What is our strategy for attracting good jobs by leveraging existing high-quality assets by enlightened leadership with a visionary ownership of opportunity?  What do we do to shift our focus to high-value, nonreplicable global class assets?

Often our economic development strategies seem to be akin to fishing downstream and whatever comes by, we fight mightily to pull ashore.  What could we do to move upstream where we can compete for the really big fish?

What can we do to compete with other regions of the U.S. rather than compete within our region?

Since the Industrial Development Board has been delegated the power to waive taxes by the City Council which could have retained the power, does the Council have priorities that should be incorporated into the current criteria for a tax freeze?  How does the IDB align its objectives with the city of choice objectives of City of Memphis?

The Last Q’s

Economic development officials said that tax freeze policies had to be loosened up because of the recession.  Now that the recession has passed, can the policies be tightened up somewhat?

The former head of Nashville’s economic development office said, “Incentives should incentivize. Once it becomes an entitlement, it’s no longer an incentive.”  Haven’t our tax waivers become an entitlement?

What is the average cost of public services to these companies that have to be shifted to property owners because the companies pay no taxes?

If these tax freezes are such good deals for taxpayers, what about posting the PILOT applications and approvals in an easy-to-understand report on the Internet?

Our Six Principles

We made these suggestions six years ago when asked what our principles would be for economic development if we were in charge:

#1 – Quit selling Memphis on the cheap.

#2 – Exhibit loyalty to Memphis citizens, not just blind loyalty to new businesses.

#3 – Define success by people, not buildings and real estate.

#4 – Abandon “commodity economic development.”

#5 – Set national standards in economic development.

#6 – Don’t wait for the game to come to us.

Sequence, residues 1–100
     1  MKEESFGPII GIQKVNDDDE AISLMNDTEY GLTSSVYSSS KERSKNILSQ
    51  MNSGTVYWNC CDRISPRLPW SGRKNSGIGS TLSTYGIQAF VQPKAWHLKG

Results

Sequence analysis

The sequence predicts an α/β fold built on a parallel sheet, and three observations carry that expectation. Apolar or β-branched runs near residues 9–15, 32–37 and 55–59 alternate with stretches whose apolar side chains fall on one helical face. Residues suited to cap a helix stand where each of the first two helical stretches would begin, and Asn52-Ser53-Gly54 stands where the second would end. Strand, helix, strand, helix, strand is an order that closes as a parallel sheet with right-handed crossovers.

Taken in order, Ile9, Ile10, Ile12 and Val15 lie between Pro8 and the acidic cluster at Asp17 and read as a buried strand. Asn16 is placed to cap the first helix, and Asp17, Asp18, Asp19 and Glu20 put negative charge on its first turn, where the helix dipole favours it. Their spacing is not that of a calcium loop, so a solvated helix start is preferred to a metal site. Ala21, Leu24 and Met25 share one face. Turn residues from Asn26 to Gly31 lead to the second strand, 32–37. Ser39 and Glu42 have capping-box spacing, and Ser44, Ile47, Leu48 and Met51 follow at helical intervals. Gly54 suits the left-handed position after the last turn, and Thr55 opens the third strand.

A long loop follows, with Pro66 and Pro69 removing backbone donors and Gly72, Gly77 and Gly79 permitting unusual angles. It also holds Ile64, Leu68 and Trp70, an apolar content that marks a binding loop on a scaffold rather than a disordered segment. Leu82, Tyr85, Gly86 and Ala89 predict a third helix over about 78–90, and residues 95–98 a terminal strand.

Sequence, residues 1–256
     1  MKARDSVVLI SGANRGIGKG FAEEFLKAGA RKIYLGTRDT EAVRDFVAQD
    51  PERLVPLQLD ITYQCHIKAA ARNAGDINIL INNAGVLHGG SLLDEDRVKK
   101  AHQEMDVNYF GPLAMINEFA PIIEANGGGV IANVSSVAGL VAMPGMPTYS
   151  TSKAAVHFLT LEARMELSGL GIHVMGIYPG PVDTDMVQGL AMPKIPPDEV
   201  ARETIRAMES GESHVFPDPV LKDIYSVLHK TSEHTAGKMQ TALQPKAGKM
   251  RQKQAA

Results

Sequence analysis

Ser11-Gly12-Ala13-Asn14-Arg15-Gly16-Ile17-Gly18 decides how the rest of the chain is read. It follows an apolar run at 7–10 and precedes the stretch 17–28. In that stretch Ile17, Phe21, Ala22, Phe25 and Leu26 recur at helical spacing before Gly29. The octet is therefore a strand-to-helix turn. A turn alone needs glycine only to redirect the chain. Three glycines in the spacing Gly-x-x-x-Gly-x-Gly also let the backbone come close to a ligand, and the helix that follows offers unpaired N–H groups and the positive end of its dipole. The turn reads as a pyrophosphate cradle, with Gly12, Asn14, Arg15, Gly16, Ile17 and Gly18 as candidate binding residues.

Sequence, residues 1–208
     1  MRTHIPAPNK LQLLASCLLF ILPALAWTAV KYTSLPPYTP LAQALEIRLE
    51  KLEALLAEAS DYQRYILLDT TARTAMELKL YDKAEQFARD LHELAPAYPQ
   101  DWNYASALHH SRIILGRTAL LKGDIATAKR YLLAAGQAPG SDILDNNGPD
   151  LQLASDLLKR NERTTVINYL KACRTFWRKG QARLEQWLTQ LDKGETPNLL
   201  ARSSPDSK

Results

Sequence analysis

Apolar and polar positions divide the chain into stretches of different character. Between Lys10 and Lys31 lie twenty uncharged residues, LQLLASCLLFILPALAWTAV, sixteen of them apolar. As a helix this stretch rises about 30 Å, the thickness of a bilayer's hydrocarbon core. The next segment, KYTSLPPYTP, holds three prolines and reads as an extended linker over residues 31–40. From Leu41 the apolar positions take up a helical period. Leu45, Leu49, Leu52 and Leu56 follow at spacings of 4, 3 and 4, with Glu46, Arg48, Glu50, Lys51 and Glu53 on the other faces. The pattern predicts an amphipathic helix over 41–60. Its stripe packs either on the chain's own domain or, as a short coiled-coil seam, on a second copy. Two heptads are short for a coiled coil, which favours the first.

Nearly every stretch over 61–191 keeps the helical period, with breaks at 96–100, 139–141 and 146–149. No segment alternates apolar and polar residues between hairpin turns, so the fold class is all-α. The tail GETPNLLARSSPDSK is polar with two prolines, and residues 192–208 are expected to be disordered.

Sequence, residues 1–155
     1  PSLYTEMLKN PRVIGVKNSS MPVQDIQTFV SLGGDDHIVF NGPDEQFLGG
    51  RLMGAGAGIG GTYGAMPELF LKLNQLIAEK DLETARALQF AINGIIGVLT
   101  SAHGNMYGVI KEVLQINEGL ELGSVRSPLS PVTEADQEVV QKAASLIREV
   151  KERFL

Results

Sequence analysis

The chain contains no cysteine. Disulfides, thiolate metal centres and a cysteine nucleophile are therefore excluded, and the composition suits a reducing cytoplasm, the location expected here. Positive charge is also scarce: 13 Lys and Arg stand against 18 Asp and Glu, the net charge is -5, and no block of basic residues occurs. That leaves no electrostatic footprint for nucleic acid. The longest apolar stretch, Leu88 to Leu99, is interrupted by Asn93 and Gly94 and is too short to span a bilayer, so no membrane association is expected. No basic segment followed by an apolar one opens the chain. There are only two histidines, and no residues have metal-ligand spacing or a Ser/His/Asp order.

Here’s the main thing about PILOTs: the public might be more willing to tolerate them if there was even a whisper that economic development officials are trying to create a context where success is defined by how few tax freezes are handed out, not by how many.

Old School ED

We believe that the most successful cities in the knowledge economy are selling themselves on the basis of quality.  We continue to sell Memphis on the cheap.  For seven years on this blog, we’ve been asking if there is a plan to move us from the cheap category to the quality category and if there is a plan to reduce our extreme overreliance on tax freezes.

We asked it when we were the first to report that Memphis and Shelby County gives away more tax freezes than all the other large urban counties combined.  We asked it when the city-county’s own consultants reported that the IDB procedures were badly flawed and that reform of the program was temporary at best.  We asked it when professors and Forbes criticized our tax freeze program as counterproductive and illogical.  We’re still asking it.

We’ve heard a lot of comparisons between our community and Nashville, and here’s another one: while we’ve tried to give away the store, decades ago, Nashville decided to send a message about quality government, quality of life, and quality of public investments. It set out to execute “quality strategies” that make it today a magnet for college-educated 25-34 year olds and skilled jobs. It identified key public investments to make this happen, and because of it, today, Nashville is fighting Charlotte as the South’s #2 city (behind Atlanta).

Memphis took another road. It was rooted in “old school” economic development that sold our city on the basis of cheap land and cheap labor. Ultimately, what we’ve learned is that throwing money at companies to convince them to love us is not only poor public policy, it is also counterproductive, stimulating a shift in the tax burden and increases in taxes that choke off the small businesses and the entrepreneurs who create most of the new jobs in the first place.

Corporate Tax Dodging

Greg LeRoy, author of The Great American Jobs Scam: Corporate Tax Dodging and the Myth of Job Creation, said in an interview on Smart City Radio: “There’s a popular myth that’s promulgated by companies and their consultants and their public relations machines suggesting that tax breaks are responsible for companies locating or relocating or expanding. I think that’s just not true because all state and local taxes combined have a cost of doing business for the average company in this country of less than one percent of their cost structure.

“Tax breaks, therefore, comprising some fraction of less than one percent of a company’s costs can’t create markets, can’t drive innovation, can’t drive skilled labor. It’s really become a way for elected officials to take credit for things that are already going to happen in the market. And by letting these programs become so loose and allowing them to become pro-sprawl, we’ve also allowed these incentive programs to turn into things that are really harming our land use, undermining our public schools, forcing people away from transit…

“We hope elected officials look at the broader policy issues about how policies affect everybody paying taxes to the city, to the county, to the state, and what’s really going on is a burden shift in which companies that are foot loose, or threaten to be foot loose, are getting lots of other people to pay for their public services, because when a company doesn’t pay its fair share of the cost of public services it uses, everybody else either has to pay higher taxes or get lousier public services.”